Right now, we’re in the rut of the daily grind. This regular 9-5 life we’ve slipped into can be maddening. Going to the business factory every day to play job, it’s easy to slide into a state of complacency – to lose steam and stop pushing our new ideas forward. But we are not satisfied treading water in our lives, building the dreams of other people. Kait and I are dreamers. We have never been satisfied with the playbook of normalcy. We are idealistic, driven by a vision of a life we want to build. That’s what drove us both to study art instead of more “employable” majors: A desire to make a new world, one that has yet to be seen. There is no road map for the unknown path, no user’s manual for a machine that has yet to be invented. So we trudge on, making things up as we go.
Any time we feel too overwhelmed and buried by the chaos and responsibility of our lives, we hit the road. Usually it’s only for a weekend trip, but we’re thankful to have friends and family to visit all over the map. And every time we pack up the car and get an hour or so outside of the city limits, something extraordinary happens: We get into one of those life-changing discussions where we talk about where we’ve come from and where we are trying to go – and how we can get there. Something about being out on the road – even in a car – gets our gears turning. New ideas come up, ripe for discussion and criticism. We brainstorm and scheme like no other time, trying to figure out how to turn our nebulous dreams into a reality. Road trips are where we have our board meetings.
A few months ago, we took a weekend marathon drive to a suburb of Washington, D.C. and back to deliver a dog to an adopting family. It’s the first time we actually made money while taking a road trip, and the family we delivered the dog to was awesome, AND they even cooked us dinner and offered to let us stay with them. It actually reminded us of the walk, and that was really sweet. But we gracefully declined their offer, because we had something else planned. We drove back into D.C., to the National Mall, and meandered around the Capitol taking in the nighttime sights. We found the head of C&O Canal Towpath in Georgetown and followed it on parallel roads northwest out of the city.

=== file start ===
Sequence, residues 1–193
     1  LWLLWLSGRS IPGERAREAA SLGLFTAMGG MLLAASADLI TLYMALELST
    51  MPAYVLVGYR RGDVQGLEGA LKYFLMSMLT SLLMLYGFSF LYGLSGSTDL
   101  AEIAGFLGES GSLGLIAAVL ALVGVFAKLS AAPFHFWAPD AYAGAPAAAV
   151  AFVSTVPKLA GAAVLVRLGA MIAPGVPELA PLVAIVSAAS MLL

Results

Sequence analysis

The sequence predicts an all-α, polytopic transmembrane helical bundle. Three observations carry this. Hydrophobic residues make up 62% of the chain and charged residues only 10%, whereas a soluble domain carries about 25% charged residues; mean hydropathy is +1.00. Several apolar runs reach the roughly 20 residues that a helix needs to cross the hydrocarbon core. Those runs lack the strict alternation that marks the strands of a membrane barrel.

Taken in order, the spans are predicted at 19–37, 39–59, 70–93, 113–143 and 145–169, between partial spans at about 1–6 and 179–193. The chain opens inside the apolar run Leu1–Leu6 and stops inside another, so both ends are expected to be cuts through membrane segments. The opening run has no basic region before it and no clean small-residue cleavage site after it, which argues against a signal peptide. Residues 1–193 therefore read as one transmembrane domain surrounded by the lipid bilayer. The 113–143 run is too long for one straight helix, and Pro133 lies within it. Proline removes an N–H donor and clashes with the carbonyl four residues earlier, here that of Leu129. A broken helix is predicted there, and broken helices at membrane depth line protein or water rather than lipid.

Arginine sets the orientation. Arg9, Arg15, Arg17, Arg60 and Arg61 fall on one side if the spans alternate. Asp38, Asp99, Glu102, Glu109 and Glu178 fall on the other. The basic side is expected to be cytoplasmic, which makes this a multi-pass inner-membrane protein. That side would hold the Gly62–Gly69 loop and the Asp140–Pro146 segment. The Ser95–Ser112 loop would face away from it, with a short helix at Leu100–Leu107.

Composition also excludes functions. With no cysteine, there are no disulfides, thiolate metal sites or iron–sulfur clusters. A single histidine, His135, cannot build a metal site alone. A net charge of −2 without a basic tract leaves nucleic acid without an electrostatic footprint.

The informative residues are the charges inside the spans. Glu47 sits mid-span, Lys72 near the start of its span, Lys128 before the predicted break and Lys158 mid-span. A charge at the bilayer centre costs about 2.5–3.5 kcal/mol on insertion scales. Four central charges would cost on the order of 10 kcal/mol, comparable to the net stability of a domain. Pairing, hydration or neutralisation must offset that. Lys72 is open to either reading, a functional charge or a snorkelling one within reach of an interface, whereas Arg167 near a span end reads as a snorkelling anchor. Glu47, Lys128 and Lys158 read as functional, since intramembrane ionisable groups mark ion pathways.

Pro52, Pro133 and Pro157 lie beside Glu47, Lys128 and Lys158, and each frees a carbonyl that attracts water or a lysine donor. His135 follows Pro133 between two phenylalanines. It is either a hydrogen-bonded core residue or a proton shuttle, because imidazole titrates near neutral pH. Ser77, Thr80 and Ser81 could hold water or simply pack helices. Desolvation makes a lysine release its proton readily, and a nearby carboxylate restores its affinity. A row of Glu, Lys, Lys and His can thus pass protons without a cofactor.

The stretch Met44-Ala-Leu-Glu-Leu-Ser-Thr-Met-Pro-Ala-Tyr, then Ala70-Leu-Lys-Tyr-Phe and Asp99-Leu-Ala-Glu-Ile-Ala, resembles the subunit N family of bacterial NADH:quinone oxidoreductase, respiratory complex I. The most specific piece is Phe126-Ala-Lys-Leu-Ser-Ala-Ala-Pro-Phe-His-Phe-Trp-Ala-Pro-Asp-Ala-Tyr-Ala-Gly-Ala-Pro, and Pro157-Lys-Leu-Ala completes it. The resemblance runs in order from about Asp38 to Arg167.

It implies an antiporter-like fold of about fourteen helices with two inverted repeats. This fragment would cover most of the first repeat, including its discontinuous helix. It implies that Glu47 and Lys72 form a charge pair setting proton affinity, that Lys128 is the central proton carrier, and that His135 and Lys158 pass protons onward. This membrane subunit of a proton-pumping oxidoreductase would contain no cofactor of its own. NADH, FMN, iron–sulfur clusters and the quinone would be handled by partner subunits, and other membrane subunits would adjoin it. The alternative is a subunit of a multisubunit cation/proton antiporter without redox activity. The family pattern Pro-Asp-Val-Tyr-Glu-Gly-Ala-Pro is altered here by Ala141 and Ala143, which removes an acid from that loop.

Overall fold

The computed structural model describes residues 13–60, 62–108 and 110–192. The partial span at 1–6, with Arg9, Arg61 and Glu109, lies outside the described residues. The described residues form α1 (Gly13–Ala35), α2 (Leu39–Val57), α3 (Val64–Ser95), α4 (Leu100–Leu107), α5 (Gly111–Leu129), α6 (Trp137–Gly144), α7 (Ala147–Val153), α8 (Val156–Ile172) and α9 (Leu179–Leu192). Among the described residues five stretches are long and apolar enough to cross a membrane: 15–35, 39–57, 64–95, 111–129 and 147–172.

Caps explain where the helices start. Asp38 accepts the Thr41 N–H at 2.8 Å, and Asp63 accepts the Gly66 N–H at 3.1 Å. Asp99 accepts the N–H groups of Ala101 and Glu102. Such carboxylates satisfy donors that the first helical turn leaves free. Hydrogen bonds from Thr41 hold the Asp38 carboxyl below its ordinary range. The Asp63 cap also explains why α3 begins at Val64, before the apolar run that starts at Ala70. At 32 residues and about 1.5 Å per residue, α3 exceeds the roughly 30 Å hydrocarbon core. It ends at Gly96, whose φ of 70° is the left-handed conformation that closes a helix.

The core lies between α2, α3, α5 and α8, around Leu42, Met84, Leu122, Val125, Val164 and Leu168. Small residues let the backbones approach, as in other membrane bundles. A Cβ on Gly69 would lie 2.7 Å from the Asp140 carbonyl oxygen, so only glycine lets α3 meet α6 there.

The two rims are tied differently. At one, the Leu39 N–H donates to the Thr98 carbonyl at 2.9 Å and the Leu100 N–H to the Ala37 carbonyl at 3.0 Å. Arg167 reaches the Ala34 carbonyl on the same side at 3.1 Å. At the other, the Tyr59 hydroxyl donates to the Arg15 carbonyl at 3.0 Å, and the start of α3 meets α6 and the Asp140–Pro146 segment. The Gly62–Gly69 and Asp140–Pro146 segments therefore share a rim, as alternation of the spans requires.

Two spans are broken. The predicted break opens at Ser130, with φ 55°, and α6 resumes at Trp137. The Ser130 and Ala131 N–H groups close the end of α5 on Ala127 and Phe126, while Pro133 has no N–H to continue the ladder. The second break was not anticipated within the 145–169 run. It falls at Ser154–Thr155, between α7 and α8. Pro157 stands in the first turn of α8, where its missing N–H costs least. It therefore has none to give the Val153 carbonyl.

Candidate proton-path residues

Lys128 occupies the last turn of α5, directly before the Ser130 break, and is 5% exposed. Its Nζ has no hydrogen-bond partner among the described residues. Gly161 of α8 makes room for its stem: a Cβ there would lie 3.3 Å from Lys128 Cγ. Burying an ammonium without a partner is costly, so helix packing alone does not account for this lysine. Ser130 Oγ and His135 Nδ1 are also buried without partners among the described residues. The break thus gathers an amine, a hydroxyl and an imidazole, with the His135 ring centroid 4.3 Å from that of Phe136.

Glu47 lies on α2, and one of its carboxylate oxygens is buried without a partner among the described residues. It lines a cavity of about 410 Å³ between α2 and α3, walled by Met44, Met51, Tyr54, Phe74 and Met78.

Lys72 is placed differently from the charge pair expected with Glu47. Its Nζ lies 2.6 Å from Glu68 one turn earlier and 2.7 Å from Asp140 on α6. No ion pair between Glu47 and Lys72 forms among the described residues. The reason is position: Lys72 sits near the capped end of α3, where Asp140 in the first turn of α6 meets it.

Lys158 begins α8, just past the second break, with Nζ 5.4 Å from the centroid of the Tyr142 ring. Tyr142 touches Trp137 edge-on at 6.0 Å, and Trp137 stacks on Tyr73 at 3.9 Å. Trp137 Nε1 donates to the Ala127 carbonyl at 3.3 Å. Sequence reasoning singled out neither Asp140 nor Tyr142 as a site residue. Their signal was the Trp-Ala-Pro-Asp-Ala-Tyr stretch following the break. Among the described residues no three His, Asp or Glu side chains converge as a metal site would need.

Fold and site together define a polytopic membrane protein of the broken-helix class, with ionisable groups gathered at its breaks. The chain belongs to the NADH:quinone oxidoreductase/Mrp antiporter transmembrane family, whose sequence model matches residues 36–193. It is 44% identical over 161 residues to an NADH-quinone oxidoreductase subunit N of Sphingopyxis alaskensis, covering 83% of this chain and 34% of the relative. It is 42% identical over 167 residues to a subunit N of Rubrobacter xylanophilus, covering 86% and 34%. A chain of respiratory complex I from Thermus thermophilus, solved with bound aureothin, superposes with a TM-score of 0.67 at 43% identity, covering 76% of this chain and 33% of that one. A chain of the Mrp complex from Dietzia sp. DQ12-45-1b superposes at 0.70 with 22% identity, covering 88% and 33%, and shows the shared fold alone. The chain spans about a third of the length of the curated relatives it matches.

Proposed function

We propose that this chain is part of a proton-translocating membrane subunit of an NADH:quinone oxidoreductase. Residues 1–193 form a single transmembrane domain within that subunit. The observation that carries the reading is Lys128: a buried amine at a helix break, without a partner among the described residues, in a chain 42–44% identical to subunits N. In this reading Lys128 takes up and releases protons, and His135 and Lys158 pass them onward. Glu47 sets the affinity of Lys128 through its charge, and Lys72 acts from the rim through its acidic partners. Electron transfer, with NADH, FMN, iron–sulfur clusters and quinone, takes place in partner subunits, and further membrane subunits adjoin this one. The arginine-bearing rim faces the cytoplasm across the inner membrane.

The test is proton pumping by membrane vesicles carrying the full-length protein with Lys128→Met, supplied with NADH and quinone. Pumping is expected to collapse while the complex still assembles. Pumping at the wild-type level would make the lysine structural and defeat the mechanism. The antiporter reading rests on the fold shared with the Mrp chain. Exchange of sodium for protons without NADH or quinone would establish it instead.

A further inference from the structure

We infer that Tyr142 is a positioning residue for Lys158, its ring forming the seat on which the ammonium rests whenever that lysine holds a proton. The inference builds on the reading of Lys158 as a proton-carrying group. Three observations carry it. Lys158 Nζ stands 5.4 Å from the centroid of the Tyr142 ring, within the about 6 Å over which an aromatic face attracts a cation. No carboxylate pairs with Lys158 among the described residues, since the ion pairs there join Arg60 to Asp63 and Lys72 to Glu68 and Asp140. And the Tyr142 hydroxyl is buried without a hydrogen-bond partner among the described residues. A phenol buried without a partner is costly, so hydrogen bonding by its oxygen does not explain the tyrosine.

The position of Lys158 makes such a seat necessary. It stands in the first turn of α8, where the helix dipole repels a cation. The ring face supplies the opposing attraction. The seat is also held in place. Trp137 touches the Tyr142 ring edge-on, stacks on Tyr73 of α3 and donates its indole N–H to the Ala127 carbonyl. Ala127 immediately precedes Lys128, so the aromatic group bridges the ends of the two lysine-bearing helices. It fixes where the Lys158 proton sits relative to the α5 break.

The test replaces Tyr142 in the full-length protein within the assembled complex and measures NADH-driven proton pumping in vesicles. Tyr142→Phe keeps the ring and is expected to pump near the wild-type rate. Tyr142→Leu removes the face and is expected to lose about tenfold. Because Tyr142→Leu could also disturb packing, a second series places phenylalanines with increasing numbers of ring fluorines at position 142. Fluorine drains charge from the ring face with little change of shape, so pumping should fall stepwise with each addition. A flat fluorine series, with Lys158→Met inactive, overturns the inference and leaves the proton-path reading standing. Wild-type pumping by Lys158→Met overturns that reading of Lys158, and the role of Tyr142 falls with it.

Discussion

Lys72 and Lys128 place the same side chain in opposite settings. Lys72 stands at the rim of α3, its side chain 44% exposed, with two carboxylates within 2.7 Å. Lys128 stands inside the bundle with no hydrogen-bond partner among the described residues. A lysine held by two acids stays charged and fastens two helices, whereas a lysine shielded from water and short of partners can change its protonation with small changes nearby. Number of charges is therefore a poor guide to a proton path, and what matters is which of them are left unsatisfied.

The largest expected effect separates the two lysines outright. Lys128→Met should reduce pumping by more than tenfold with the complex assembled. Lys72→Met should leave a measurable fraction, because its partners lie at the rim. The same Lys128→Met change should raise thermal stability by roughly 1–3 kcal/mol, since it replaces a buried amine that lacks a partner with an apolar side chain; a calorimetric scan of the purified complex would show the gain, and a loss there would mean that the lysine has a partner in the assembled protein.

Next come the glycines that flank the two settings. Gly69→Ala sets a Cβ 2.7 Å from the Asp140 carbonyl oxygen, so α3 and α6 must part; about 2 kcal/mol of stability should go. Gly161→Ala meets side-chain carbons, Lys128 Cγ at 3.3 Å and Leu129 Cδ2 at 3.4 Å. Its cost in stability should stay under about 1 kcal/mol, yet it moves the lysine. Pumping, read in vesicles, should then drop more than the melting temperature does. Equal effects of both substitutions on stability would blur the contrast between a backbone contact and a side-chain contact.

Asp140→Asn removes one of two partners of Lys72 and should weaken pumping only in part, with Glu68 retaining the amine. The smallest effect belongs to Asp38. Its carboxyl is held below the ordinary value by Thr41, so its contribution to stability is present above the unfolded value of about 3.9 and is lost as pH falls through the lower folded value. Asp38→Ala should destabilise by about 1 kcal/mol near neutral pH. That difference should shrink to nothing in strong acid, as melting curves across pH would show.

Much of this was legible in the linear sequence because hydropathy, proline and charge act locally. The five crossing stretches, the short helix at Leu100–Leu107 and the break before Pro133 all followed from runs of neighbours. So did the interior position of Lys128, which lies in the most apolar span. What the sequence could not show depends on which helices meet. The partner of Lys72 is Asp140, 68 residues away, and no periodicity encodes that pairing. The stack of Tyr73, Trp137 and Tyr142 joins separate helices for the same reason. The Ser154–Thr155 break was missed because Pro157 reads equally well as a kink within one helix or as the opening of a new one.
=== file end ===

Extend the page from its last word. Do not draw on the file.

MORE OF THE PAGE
We spent the next day retracing our steps by car. We drove to the towpath, found a crossing and took a little dog walk for old time’s sake.
Further up the road we stopped in Oldtown, MD, where we once crossed into West Virginia. The rickety wooden bridge we crossed by foot was under construction, impassible by car, so we drove upriver until we found another path to cross. Kait started to search for our route on the GPS, but I knew the second we found it that we were in the right place.
Those West Virginia back roads were the true test of the Walk. Early in the trip, the Appalachian escarpment rose harsh and wild and steep to meet us. And driving those same roads, we fell in love with West Virginia all over again. The rugged beauty of Greenland Gap, the strange vistas of Dolly Sods – we traced it all out, remembering every snack break spot, every camp site, every tree we peed on – it was all real. It really happened.
I looked in the rearview mirror and saw the dogs taking it all in as well. I saw something on Max’s face – a look that was unmistakeable. He was poking his nose out the window, making the exact same face he makes when he smells an old friend he hasn’t seen in awhile. He recognized these places. He knew. I saw it in his expression, clear as day. “I’ve been here before.” I wondered long and hard about that realization. If a dog recognizes a person or a place, why is it crazy to think that they might think of those people and places when they aren’t around? And did Max feel, like I felt, an aching pain under the surface of joyful recognition – the pain of realizing just how much I missed those places and that life? Can a dog long for something that he does not have? Only if he knows what it’s like to have it, I suppose. I like to think that Max was able to see those places again and simply appreciate the experience without the bittersweet emotional baggage that comes with getting attached to things; but I’ll never know for sure.